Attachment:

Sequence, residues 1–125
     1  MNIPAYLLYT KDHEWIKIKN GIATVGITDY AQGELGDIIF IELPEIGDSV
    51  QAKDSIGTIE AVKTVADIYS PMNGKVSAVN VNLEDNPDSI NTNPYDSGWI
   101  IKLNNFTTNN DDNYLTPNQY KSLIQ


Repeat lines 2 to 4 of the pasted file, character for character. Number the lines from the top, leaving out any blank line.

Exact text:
     1  MNIPAYLLYT KDHEWIKIKN GIATVGITDY AQGELGDIIF IELPEIGDSV
    51  QAKDSIGTIE AVKTVADIYS PMNGKVSAVN VNLEDNPDSI NTNPYDSGWI
   101  IKLNNFTTNN DDNYLTPNQY KSLIQ